May 31, 2018 —
Over the Memorial Day weekend, members of the Defense Logistics Agency Europe and Africa
Enterprise team traveled to Château-Thierry, France, to participate in the World War I Centennial Commemoration at the Aisne-Marne Cemetery. It records the names of 1,060 missing and holds the remains of 2,289 soldiers, sailors and Marines who died in the battles of Belleau Wood and Château-Thierry from May 27 to July 18, 1918.
Joining in the visit from DLA were Marine Lt. Col. Ian Galbraith, Navy Cdr. Josh Elston, Air Force Maj. Jim Voytilla, Rich Deguzman, Joe Caire and Jim White, along with spouses and friends.
The spring of 1918 was a bleak one for the Allies; huge losses in the 1917 Allied offensives had led to a manpower crisis. German U-boat successes resulted in civilian food shortages, and the collapse of Russia freed thousands of fresh German troops for duty on the Western Front. Though the United States entered the war in April 1917, the thousands of fresh American troops expected had yet to arrive. Allied forces nearly broke on May 27, when Operation Blucher crushed the French and British defenders along the road known as the Chemin des Dames, taking 60,000 prisoners and advancing 30 miles toward Paris.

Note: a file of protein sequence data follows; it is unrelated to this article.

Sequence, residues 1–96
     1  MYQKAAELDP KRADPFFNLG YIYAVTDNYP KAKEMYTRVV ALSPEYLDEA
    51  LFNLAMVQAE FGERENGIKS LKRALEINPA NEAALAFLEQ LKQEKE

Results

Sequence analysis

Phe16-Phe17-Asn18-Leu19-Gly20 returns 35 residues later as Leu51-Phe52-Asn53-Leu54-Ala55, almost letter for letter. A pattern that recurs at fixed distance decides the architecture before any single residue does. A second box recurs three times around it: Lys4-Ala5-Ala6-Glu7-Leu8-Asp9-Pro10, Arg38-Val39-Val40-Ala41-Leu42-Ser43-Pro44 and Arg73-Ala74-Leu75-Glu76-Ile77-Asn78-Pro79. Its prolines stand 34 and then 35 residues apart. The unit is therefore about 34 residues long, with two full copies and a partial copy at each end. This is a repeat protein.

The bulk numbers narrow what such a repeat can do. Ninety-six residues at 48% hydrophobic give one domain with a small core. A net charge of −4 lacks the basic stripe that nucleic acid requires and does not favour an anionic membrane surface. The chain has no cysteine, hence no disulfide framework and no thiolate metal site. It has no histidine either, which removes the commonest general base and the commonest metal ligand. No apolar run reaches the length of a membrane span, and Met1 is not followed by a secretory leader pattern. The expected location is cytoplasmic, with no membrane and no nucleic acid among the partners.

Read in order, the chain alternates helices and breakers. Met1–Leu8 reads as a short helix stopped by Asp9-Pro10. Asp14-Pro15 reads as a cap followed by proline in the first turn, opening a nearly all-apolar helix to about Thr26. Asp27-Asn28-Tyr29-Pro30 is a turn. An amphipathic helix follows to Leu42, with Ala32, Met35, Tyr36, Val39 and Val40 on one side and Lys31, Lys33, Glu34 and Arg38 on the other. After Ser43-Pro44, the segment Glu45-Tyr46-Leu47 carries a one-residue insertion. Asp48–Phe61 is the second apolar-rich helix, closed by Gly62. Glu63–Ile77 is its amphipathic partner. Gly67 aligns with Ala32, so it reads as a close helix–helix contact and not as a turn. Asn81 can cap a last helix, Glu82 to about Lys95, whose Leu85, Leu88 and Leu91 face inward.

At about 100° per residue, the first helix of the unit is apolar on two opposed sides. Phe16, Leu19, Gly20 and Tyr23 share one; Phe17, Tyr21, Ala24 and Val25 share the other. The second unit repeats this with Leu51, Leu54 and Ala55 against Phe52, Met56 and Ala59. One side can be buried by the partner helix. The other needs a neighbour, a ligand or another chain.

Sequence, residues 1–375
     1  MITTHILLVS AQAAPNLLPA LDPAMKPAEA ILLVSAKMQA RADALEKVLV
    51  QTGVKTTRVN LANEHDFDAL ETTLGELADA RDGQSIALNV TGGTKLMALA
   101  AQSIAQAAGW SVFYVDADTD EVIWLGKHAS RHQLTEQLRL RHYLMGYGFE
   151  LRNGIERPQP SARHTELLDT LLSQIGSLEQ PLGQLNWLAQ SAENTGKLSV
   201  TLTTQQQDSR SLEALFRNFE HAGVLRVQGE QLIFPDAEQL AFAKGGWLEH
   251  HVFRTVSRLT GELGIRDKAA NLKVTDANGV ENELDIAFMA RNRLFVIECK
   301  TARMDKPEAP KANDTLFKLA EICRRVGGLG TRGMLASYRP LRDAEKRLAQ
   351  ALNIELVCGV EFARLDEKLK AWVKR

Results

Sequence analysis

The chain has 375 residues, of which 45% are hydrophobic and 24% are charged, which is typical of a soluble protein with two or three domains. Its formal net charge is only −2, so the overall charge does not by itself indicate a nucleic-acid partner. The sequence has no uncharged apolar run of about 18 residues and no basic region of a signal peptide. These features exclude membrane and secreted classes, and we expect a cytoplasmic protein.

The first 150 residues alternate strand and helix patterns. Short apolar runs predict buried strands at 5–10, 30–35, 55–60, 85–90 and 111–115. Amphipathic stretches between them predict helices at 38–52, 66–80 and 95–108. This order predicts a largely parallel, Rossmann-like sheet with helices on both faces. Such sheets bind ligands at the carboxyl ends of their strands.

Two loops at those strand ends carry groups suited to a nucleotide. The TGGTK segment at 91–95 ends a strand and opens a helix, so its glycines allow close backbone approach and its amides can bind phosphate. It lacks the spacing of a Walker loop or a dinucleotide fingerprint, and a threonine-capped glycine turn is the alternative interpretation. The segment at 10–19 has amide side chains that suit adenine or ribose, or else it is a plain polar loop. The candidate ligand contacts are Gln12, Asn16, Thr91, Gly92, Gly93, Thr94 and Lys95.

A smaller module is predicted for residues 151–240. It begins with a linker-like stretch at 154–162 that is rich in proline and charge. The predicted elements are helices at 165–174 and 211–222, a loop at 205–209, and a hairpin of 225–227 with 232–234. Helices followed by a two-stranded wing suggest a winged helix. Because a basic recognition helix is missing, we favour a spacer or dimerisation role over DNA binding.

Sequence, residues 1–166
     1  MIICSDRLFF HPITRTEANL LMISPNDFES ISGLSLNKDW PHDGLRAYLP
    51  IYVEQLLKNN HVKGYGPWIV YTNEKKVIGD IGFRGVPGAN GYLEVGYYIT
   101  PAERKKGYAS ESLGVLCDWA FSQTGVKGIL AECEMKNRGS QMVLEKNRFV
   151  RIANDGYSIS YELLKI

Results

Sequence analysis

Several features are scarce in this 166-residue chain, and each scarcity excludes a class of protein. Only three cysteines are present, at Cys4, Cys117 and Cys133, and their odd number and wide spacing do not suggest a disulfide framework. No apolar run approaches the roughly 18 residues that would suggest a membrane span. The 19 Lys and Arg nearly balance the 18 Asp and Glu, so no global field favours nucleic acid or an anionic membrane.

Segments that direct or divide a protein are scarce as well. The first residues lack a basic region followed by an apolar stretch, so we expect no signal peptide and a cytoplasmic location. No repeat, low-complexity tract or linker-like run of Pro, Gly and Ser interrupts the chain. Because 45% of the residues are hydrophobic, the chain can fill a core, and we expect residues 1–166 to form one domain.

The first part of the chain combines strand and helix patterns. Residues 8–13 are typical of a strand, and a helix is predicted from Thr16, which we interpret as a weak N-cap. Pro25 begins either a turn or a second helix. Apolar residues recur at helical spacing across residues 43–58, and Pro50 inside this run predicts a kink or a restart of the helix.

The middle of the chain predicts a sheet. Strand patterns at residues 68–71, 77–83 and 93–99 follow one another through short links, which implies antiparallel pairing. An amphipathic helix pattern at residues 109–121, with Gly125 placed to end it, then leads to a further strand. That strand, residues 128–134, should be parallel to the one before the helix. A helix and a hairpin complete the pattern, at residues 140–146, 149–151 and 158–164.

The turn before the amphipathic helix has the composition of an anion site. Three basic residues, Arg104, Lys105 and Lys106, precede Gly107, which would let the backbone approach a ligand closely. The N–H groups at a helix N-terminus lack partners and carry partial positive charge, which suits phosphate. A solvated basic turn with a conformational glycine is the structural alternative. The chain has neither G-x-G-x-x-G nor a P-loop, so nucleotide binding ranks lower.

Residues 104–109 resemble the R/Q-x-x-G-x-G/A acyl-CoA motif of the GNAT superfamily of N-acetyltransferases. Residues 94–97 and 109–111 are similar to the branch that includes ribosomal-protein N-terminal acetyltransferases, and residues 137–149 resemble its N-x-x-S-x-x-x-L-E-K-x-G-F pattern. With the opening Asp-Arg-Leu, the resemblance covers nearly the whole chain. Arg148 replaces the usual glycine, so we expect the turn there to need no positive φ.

To meet the crisis, the commander of the American Expeditionary Forces, General of the Armies John “Black Jack” Pershing, offered his only available resources: the 2nd and 3rd Infantry Divisions. From May 31 to June 5, the machine gunners and riflemen of the 3rd Division were instrumental in stopping all German attempts to cross the River Marne at Château-Thierry. At the same time, less than 50 miles from Paris, the Marines and Army doughboys of the 2nd Division stopped the German attacks outside the small villages of Lucy-le-Bocage, Vaux and Belleau.
June 6 dawned bright, and the Marines of the 5th and 6th Regiment attacked across the adjacent wheat fields to seize Belleau Wood. While the Marines suffered 1,087 casualties that day, their fight over the next 20 days became synonymous for the courage, tenacity and will to succeed that inspire Marines to this day.
Likewise, by their steadfast July 15-17 defense of the vital Marne River, the soldiers of the 38th Infantry won the unit its nickname, “Rock of the Marne” and the 3rd Division earned its moniker “Marne Division.”
While these two actions cost the 2nd Division 9,777 casualties (including 1,811 dead) and the 3rd Division the first of their 16,117 WWI casualties, they decisively answered the question, “Would Americans fight?” The award of seven Medals of Honor for these actions emphatically answered that Americans would fight with valor.
The 100th Anniversary ceremony was a powerful experience for all the DLA-E/A members . One mentioned at the Bulldog Fountain, “I really cannot believe I’m here.” All of us stood in awe at this representation of the selfless dedication, courage and sacrifice demonstrated by those who won the day on these hallowed grounds.
As the engraving on the Aisne-Marne Memorial states: Time shall not dim our remembrance of their deeds.